Being a Disciple of Christ is slightly different, in that, you are guaranteed to win.  However, even being a Disciple of Christ comes with a risk.  You are betting everything on Jesus and believe that He will keep His word.  You might be wondering, but if there is a guarantee, how can there be a risk? What is there to lose? The risk is that you may lose your “friends,” you may lose your job and you may even lose your life.  While those risks aren’t guaranteed, what is guaranteed is that you will lose who you were and become who Jesus wants you to be.

         It seems that modern day Christians (and this isn’t really that far off from biblical Christians) struggle with being “all in”.  We want to bet a chip here and there, unsure of whether or not the hand that we hold is going to pay off.  We want assurances that the life we are going to live will be easy.  We want to know that when things get tough, someone else will jump in and take care of it for us.   We want to play, but we aren’t all in.

        Maturity as a Christian comes from betting it all. Put all your chips on the table. All your eggs in His basket.  Devote your life to following Jesus’ example and don’t fold your hand at the first sign of difficulty. 

Wednesday, June 22, 2016

4 Ways Christians are not Disicples


                     And they devoted themselves to the apostles’ teaching and the fellowship, to the  
                                             breaking of bread and the prayers. Acts 2:42


In the pages of the New Testament Jesus is quoted as saying, "follow me" to various people.  Sometimes He is speaking for them to follow him at that moment and other times He is speaking to them eternally. Ultimately all of his directives have eternal ramifications and from this, we can surmise that Jesus is calling us to follow his actions, character, and way of life. To follow Jesus truly, means we are acting like Him, copying his attitude, actions and lifestyle.  Another word for this is, "disciple".  We have been called to be his disciples, but the more time I spend in the ministry, the less disciples and disciple-makers I seem to find.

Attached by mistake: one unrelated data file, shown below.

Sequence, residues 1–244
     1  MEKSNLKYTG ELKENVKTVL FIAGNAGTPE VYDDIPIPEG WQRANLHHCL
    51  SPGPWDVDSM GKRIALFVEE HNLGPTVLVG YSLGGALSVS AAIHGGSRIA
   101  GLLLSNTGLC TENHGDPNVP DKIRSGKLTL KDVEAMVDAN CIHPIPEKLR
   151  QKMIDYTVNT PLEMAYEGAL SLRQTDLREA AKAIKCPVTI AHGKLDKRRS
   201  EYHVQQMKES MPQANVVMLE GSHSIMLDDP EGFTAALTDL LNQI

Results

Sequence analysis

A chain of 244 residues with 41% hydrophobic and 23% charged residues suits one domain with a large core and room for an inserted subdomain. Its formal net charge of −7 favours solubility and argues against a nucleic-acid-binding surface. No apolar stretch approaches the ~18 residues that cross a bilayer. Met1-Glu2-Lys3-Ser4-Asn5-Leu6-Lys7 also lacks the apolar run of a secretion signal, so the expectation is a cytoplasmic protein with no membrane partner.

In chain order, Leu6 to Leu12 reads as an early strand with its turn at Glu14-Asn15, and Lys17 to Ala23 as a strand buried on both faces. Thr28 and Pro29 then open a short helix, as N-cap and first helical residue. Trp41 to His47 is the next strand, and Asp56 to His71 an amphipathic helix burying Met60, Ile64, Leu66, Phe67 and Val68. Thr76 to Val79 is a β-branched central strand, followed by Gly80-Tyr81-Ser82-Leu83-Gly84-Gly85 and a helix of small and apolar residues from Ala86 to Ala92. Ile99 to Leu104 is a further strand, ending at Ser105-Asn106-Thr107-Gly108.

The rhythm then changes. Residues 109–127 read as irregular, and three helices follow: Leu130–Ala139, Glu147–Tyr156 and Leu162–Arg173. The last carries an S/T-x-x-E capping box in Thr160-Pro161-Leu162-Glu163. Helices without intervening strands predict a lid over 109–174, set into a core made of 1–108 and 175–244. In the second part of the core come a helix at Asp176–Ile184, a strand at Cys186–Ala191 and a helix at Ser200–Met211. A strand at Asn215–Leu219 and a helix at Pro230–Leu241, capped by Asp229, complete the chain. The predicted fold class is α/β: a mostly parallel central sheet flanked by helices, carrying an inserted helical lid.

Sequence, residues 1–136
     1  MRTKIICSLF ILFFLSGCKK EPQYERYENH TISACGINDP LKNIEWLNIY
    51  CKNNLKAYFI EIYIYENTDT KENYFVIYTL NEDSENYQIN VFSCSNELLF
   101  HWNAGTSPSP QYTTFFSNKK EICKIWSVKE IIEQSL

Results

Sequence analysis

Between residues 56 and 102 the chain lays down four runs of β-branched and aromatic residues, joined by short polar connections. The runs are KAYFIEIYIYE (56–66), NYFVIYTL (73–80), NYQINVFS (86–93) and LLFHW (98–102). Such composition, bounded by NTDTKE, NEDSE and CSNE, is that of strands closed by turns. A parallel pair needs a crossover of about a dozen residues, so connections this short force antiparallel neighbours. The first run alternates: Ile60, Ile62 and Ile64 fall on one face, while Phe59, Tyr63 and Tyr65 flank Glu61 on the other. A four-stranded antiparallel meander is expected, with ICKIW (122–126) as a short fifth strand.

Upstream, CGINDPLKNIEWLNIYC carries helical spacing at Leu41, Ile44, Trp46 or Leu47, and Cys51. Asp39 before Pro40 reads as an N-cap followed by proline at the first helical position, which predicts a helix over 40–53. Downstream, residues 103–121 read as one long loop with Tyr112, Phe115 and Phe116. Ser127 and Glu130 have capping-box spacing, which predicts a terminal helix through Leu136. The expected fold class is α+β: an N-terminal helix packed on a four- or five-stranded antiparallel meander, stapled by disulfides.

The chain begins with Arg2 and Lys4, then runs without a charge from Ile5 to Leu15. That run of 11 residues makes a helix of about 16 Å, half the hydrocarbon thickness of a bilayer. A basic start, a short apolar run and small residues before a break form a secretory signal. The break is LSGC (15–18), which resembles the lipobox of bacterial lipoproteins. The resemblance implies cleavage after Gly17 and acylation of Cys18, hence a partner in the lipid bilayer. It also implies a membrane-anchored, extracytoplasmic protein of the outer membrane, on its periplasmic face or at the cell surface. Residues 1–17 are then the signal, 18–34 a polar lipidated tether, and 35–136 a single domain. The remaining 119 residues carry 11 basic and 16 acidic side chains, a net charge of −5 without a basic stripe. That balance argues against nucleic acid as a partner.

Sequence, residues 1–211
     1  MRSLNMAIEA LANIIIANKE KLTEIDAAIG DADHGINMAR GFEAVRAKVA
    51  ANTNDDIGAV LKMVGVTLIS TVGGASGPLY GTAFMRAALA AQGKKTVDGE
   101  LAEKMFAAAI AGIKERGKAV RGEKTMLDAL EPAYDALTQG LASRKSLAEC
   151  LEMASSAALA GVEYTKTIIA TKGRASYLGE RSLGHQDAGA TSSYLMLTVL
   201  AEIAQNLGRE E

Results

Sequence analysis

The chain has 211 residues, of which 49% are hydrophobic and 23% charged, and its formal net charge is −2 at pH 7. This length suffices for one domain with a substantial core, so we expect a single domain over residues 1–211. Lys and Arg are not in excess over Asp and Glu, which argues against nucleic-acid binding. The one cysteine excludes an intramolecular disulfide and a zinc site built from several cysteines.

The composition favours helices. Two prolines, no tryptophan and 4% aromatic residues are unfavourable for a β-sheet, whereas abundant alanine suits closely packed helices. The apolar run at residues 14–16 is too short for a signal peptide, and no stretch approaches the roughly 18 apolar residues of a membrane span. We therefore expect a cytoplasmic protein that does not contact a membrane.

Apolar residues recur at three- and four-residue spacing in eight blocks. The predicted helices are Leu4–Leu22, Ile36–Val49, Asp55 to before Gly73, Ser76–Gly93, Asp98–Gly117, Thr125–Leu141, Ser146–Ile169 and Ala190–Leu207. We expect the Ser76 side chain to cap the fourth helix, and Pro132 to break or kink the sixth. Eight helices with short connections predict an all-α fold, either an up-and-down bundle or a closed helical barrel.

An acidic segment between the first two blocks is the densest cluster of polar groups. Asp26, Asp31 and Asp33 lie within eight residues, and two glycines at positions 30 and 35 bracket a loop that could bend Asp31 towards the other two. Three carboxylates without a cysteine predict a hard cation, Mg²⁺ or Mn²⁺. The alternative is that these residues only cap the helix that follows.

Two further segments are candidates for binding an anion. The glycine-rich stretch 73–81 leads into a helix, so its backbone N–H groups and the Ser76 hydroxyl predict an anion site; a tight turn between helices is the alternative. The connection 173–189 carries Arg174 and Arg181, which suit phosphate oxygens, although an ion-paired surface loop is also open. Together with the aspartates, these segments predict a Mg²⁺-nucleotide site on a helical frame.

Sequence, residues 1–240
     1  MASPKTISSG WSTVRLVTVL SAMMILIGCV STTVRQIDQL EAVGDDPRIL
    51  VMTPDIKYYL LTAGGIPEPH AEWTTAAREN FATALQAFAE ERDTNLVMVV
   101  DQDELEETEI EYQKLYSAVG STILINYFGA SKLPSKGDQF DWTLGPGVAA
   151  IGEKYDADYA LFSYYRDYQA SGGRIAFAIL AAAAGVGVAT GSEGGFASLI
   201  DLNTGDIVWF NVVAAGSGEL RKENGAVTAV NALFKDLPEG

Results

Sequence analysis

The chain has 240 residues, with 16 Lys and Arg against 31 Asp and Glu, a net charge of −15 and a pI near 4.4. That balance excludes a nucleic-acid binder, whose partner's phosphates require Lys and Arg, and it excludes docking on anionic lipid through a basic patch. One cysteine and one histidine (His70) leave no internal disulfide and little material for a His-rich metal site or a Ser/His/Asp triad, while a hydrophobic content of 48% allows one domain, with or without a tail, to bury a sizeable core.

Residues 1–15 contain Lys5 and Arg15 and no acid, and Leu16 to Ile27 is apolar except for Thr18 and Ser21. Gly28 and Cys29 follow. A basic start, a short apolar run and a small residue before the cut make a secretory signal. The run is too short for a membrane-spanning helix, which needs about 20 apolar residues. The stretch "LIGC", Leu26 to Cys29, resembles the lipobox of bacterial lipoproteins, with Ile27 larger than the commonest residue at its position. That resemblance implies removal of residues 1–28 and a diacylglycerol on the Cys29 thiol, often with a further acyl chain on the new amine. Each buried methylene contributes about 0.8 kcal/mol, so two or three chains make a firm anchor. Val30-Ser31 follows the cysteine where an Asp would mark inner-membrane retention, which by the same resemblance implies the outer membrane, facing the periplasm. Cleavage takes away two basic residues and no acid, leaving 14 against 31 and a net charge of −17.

Here are a few ways that believers in Christ are not living as true disciples:


1) Devotion to Teaching
                 Although a person may attend church, even regularly (twice or more a month) being devoted to teaching is not just sitting in the sanctuary and listening to the preacher.  Nor is it just sitting in the Sunday School or Small Group room and following along in a study guide. I have found that many people, especially millennials, are devoted to attendance (and even that can be sporadic at times) but being devoted to the teaching means studying it during the week. Whether it is preparation for the class, a review of material covered, or both, there needs to be more devotion to the Word of God to truly be a disciple.

2) Devotion to Fellowship
               Some would argue that fellowship is not an issue in the church.  I would suggest that biblical fellowship is missing and this is what it looks like. Gathering with the saints of all ages, races, backgrounds, etc, not just "us four and no more."  It is easy to attend church with a desire to see your friends and there is nothing wrong with this, unless the only fellowship you do is with the people in your inner circle.  The church is the family of God and we must begin to act like it.Oh! And no gossiping allowed.

3) Actively Participating in Ministry 
               This is a tough one for me to address, simply because it is one of the single most frustrating things I have seen in my short nine years of ministry.  However, it is glaring at us from across the denominational spectrum.  For many, simply going to church should be enough.  I mean, how dare the pastor expect us to be active and use our God given gifts and talents for the ministry. It's not like the pastor is supposed to equip us for ministry, why would he dare suggest such nonsense. /sarcasm off.  We need a lot more doers of the Word and a lot less talkers about what they are going to do.

4) Making Other Disciples
               I am starting to understand why it seems there are so few workers for the harvest. It must be because the actual number of disciples is relatively small to begin with or at least in comparison to the number of self-proclaimed Christians. There must be follow up and action, a desire to see the lost come to know the Lord as savior. Yet, sadly enough, I recently heard a statistic that stated about 92% of people who considered themselves Evangelical Christians either had no plan or definitively were not going to share the Gospel with someone in the next year. A sad statistic, indeed.


You might wonder why "prayer" didn't make the list. The simple answer is, I don't know who is praying or who isn't.  At least, not as easily as these four. What are your thoughts?